I just want to know if there is a short cut to unrolling numpy arrays into a single vector. For instance (convert the following Matlab code to python):
A = zeros(10,10) %
A_unroll = A(:) % <- How can I do this in python
Thank in advance.
Is this what you have in mind?
Edit: As Patrick points out, one has to be careful with translating A(:) to Python.
Of course if you just want to flatten out a matrix or 2-D array of zeros it does not matter.
So here is a way to get behavior like matlab's.
>>> a = np.array([[1,2,3], [4,5,6]]) >>> a array([[1, 2, 3], [4, 5, 6]]) >>> # one way to get Matlab behaivor ... (a.T).ravel() array([1, 4, 2, 5, 3, 6])
numpy.ravel does flatten 2D array, but does not do it the same way matlab's
>>> import numpy as np >>> a = np.array([[1,2,3], [4,5,6]]) >>> a array([[1, 2, 3], [4, 5, 6]]) >>> a.ravel() array([1, 2, 3, 4, 5, 6])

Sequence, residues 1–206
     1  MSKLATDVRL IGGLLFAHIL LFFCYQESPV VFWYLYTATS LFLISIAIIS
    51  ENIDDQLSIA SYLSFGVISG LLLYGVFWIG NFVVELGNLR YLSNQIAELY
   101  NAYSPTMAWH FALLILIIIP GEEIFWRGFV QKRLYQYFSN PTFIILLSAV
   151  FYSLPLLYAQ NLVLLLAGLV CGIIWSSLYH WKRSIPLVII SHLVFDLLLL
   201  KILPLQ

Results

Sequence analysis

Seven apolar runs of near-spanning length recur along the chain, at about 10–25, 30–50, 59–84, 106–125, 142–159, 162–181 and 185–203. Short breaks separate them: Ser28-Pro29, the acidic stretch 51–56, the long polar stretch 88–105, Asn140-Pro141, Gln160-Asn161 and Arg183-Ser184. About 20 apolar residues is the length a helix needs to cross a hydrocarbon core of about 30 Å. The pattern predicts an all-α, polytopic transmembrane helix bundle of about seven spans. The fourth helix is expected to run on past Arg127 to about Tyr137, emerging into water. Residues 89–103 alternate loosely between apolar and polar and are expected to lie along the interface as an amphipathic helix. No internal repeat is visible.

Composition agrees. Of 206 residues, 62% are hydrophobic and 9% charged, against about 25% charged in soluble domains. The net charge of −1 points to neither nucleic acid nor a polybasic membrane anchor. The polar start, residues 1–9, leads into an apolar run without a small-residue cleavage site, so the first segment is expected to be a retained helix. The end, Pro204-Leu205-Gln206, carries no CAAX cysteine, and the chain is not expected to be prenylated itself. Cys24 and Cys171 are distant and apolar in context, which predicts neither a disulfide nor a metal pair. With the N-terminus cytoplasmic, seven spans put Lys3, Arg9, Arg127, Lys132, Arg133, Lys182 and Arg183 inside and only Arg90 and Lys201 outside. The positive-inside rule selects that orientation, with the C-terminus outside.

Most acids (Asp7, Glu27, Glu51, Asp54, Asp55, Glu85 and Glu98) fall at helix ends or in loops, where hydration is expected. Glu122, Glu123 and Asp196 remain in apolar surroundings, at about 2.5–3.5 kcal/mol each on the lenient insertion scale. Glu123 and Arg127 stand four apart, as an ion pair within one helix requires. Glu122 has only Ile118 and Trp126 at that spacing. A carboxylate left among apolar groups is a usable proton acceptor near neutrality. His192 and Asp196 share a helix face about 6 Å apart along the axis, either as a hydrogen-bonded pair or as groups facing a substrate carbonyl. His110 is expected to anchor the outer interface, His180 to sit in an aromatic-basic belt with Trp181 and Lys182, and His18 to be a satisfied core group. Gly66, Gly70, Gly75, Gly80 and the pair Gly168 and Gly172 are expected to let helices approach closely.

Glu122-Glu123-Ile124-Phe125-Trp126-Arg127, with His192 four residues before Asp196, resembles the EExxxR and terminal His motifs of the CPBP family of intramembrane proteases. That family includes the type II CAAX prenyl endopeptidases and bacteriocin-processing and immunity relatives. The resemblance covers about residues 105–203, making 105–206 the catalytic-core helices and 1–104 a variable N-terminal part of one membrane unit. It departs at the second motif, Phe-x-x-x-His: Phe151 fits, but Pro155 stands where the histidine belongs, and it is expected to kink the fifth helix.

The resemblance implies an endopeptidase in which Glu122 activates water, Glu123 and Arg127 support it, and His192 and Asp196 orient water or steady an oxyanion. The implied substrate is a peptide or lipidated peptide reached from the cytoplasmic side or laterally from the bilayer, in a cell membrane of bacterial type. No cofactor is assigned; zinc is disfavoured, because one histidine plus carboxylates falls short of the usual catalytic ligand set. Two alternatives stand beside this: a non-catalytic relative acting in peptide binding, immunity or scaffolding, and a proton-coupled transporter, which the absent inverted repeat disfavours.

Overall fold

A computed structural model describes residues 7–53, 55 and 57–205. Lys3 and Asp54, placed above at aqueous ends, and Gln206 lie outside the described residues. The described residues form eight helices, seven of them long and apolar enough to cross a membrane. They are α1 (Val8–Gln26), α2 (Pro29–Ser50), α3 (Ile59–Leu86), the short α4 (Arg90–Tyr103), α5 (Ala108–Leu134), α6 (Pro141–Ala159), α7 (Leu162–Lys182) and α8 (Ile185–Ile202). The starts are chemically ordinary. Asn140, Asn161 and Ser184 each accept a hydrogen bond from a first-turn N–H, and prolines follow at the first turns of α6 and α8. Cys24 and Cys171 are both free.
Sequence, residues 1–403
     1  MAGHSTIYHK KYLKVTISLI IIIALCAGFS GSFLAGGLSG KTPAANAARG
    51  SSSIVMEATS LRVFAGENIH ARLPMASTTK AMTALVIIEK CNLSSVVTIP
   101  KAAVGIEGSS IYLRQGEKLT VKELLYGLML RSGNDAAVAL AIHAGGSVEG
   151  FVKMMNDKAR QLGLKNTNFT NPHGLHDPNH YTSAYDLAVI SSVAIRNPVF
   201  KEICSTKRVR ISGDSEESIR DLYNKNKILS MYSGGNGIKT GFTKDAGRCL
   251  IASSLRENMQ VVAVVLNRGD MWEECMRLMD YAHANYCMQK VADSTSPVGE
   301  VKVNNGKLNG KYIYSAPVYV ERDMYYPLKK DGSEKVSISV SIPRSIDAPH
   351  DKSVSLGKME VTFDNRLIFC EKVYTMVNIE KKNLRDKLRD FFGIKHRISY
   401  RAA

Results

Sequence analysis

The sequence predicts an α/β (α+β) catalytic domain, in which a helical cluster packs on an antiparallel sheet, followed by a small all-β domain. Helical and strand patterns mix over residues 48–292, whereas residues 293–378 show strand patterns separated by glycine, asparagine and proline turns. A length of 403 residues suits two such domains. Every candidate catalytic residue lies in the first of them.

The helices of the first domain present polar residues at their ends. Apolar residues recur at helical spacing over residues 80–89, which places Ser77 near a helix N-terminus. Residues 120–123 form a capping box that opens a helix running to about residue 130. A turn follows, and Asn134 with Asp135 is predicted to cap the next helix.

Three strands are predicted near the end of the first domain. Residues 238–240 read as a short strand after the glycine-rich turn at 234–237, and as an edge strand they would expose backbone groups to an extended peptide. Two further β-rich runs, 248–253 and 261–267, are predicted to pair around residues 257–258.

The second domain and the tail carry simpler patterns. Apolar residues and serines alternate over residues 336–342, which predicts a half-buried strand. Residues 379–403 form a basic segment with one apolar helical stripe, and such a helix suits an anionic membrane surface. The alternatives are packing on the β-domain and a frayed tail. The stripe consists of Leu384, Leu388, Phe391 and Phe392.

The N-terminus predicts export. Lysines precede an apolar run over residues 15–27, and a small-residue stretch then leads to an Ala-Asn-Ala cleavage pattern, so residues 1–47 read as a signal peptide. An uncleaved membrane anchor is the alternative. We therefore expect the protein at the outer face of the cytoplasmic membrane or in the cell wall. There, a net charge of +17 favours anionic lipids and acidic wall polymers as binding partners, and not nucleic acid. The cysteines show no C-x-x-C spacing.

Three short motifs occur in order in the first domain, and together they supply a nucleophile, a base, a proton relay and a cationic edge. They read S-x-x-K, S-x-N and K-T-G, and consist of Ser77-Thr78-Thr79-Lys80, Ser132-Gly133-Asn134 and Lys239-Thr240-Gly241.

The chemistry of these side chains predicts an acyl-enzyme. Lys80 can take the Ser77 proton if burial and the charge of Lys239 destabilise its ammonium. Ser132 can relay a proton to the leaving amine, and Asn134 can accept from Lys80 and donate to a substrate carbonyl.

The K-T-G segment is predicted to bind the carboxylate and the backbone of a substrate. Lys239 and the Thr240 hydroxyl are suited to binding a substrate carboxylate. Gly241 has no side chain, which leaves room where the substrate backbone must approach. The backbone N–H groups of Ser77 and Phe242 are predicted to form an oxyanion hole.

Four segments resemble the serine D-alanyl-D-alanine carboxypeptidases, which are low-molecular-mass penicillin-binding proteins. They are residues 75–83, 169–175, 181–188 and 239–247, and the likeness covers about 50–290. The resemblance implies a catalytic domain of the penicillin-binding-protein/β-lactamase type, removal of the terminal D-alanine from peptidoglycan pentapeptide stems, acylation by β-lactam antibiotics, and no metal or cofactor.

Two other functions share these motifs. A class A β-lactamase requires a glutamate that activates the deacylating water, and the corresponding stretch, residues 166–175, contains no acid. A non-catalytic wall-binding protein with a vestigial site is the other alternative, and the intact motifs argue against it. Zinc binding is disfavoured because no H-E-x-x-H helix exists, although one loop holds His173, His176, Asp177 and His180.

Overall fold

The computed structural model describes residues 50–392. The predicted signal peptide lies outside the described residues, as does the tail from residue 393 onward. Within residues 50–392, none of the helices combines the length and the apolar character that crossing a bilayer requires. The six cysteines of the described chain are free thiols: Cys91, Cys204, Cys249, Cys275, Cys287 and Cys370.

You have to be careful here, since ravel doesn't unravel the elements in the same that Matlab does with A(:). If you use:
>>> a = np.array([[1,2,3], [4,5,6]]) >>> a.shape (2,3) >>> a.ravel() array([1, 2, 3, 4, 5, 6])
While in Matlab:
>> A = [1:3;4:6]; >> size(A) ans = 2 3 >> A(:) ans = 1 4 2 5 3 6
In Matlab, the elements are unraveled first down the columns, then by the rows. In Python it's the opposite. This has to do with the order that elements are stored in (C order by default in NumPy vs. Fortran order in Matlab).
Knowing that A(:) is equivalent to reshape(A,[numel(A),1]), you can get the same behaviour in Python with:
>>> a.reshape(a.size,order='F') array([1, 4, 2, 5, 3, 6])
Note order='F' which refers to Fortran order (columns first unravelling).